A penchant for the esoteric

Book club

March 28, 2002

An interview with Ethel Brandt, founder of the CJC Book Club.

What does CJC stand for? Columbia Jewish Congregation, even though most of the members are not in the congregation. ... The book club meets in people's homes about once a month. ... I started the group in 1974 when I joined the congregation. ... We read fiction and nonfiction about Judaism.

How do you decide what books to read? The members of the group make suggestions. ... We always try for the esoteric ones, the ones with the heavier content. We tried Belva Plain, but then we thought her books were too light, so we lean toward heavier books. We generally don't read best-sellers. Well, I shouldn't say that. We did read The Red Tent, which is a best-seller, and we just read The Amazing Adventures of Kavalier and Clay, and that was an amazing book, and it was a best-seller.

What did the group like about that book? Kavalier and Clay are two young cousins, and they decide that they want to make comic books, and this was the late '30s, early '40s when comic books were in their heyday. ... It's a mix of fiction and nonfiction. ... It's a history of comic books, but it's done with a Jewish theme. It has the Holocaust, World War II in it because the protagonist escaped from Prague, and you have this Jewish ancient folktale of the golem of Prague. ... Golem was a clay figure that a rabbi in Prague would conjure up with special incantations when the Jews were in trouble, when the Jews were persecuted, that would walk through the streets to make the streets safe for Jews. He would protect the Jews. ... [The two cousins] bring in the theme of anti-Nazism in the comic books. ... It's as if the comics are the golem and can save the Jews by its messages.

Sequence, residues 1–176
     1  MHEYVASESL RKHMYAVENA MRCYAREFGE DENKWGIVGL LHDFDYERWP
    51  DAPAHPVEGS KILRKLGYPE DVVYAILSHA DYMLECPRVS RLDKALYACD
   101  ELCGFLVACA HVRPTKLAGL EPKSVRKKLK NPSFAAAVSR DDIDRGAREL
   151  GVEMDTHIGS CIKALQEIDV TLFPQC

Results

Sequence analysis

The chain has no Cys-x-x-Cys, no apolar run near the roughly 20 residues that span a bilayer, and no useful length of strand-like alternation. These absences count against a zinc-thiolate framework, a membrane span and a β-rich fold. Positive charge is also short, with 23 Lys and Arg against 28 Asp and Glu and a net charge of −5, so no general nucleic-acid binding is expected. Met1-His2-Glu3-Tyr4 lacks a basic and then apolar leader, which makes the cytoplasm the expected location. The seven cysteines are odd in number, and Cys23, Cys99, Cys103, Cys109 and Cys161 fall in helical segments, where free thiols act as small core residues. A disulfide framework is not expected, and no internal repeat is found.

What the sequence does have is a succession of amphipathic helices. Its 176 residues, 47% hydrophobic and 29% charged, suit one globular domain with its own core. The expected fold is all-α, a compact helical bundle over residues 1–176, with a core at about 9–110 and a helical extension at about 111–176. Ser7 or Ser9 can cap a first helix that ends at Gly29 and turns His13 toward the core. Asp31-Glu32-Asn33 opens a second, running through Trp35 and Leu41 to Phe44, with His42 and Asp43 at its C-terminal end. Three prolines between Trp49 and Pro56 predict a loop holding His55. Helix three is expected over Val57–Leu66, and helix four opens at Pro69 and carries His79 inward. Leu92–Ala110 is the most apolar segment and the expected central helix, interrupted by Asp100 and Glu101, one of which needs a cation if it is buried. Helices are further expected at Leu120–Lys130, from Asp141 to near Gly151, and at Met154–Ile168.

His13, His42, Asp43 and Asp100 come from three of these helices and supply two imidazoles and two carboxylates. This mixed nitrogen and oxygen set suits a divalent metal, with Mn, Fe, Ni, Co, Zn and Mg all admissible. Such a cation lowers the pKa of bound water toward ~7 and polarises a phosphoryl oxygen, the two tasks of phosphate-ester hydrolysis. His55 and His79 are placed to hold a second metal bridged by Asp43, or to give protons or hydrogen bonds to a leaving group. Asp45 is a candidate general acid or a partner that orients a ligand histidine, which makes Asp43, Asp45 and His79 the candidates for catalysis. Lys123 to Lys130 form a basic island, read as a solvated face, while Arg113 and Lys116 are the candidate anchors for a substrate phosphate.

What book are members reading this month? Well, we're reading The Family Orchard by Nomi Eve.

Has your group had a favorite book over the years? Our all-time favorite book is the very first book we read back in 1974. It's called As a Driven Leaf, and we just re-read it. ... That book is kind of the search for the meaning of God, and it takes place in ancient Israel in 132 AD. And it's where the rabbis are ... essentially discussing whether they should consider reason, which is part of the heart of the Greek philosophy, as opposed to Judaism's reliance on fate.

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